The Anchorage community, known for its resilience, was deeply moved as the tragic news spread. The story of a young runner whose life was abruptly ended by an encounter with wildlife struck a chord with many. As the media reported the incident, the tragedy resonated not just in Alaska, but nationwide. The coverage highlighted the unpredictable interactions between humans and the wild.

The running community, along with the broader Anchorage community, rallied to support the Coopers during this difficult time. Vigils were held, stories were shared, and the spirit of unity showcased the unyielding solidarity of the Alaskans.

The bench that commemorates Jack Cooper.

In memory of Jack, a bench was placed on Bird Ridge, the trail where Jack embarked on his last adventure. The bench, engraved with the inscription "Rest here, be inspired, be grateful, be awesome," provides a tranquil spot for hikers and runners to pause, reflect, and appreciate the wilderness. Today, the youth portion of the race has been renamed Jack's Run in his honor.

On June 18, 2018, a year after the tragic event, the Alaska Legislature honored Jack by issuing a Legislative Citation. The citation acknowledged Jack’s joyful spirit, his love for life, and the indelible mark he left on his family, friends, and community. It was a heartfelt acknowledgment of a young life well-lived.

The Cooper family continues to keep Jack's memory alive in the community through annual remembrances, heartfelt stories shared, and pictures of his smiling face serve as enduring reminders of the vibrant young soul who once tread the trail.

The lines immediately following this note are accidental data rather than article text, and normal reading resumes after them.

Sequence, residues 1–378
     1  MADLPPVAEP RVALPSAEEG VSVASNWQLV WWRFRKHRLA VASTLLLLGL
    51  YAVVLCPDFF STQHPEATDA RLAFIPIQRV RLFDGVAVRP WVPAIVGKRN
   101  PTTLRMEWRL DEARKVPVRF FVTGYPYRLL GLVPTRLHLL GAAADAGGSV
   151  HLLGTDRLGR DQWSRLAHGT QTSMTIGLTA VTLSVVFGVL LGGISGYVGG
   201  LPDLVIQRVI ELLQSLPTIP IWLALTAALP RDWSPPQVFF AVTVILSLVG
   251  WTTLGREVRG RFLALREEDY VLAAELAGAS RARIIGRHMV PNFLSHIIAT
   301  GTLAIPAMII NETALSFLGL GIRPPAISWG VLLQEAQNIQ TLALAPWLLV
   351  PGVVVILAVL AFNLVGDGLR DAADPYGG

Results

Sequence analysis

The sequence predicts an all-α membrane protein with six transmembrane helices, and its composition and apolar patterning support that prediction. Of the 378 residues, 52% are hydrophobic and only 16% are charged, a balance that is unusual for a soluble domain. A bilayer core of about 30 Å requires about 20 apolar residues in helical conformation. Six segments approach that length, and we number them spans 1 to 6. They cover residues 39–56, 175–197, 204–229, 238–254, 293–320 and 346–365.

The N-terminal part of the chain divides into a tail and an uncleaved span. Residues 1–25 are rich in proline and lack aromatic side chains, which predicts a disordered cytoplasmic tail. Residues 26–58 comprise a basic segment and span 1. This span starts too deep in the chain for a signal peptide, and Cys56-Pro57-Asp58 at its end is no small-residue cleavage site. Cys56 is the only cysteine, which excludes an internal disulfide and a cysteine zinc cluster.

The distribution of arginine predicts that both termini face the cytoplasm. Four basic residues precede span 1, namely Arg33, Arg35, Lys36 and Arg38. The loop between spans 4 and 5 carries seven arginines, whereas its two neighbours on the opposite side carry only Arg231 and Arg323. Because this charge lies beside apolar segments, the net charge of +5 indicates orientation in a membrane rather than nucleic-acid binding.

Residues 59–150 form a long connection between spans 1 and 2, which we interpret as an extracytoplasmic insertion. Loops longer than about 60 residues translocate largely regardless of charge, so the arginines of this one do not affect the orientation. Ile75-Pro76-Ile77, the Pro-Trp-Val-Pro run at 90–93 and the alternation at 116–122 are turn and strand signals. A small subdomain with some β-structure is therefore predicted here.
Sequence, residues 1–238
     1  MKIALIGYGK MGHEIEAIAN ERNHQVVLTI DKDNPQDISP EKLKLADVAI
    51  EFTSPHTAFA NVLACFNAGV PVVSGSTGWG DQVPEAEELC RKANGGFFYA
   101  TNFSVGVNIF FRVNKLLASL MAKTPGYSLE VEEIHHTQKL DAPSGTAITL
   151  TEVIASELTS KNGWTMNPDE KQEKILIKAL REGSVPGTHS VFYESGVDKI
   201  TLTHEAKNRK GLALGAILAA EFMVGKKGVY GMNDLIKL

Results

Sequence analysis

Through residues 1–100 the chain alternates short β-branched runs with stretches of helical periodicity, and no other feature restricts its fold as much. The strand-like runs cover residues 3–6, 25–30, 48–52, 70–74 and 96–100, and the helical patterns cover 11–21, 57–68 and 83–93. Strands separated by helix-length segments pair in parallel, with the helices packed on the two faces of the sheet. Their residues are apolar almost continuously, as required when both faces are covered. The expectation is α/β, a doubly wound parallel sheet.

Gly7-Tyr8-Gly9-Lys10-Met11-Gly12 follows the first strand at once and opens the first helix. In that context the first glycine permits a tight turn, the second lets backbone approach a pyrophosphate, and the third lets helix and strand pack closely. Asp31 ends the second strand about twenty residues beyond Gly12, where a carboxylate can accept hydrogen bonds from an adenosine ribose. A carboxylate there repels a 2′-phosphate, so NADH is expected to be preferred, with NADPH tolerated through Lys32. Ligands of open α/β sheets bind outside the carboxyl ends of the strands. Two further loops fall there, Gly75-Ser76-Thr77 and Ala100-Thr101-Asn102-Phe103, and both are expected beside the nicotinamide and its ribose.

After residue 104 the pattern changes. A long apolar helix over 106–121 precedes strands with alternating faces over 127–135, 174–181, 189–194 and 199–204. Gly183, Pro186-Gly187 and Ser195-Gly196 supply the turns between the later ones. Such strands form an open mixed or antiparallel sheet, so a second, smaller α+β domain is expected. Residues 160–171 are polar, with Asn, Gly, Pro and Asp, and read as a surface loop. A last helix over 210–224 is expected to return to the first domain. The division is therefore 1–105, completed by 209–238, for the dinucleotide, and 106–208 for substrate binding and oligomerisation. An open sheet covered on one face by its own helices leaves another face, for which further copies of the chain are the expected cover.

This tragic event also spurred discussions on safety and preparedness in the wild. As Jack’s story continues to be told, it serves as a reminder of the unpredictable nature of interactions between man and nature. Despite the proximity to wildlife in the vast wilderness of Alaska, incidents like Jack's remain exceedingly rare. While seasoned hikers and runners often share tales of benign encounters with bears, this incident serves as a stark reminder of the unforeseen dangers that may lurk within the majestic beauty of the Alaskan outdoors.

The memorials in Jack’s honor, the shared stories filled with both laughter and tears, and the collective reflection on the delicate balance between man and nature, all contribute to the enduring narrative of a young adventurer whose life, though cut short, continues to inspire. As the trails of Bird Ridge continue to beckon the daring, the memory of Jack Cooper serves as a silent companion to every stride, a quiet encouragement with every breath, resonating through the rugged yet beautiful terrains of life.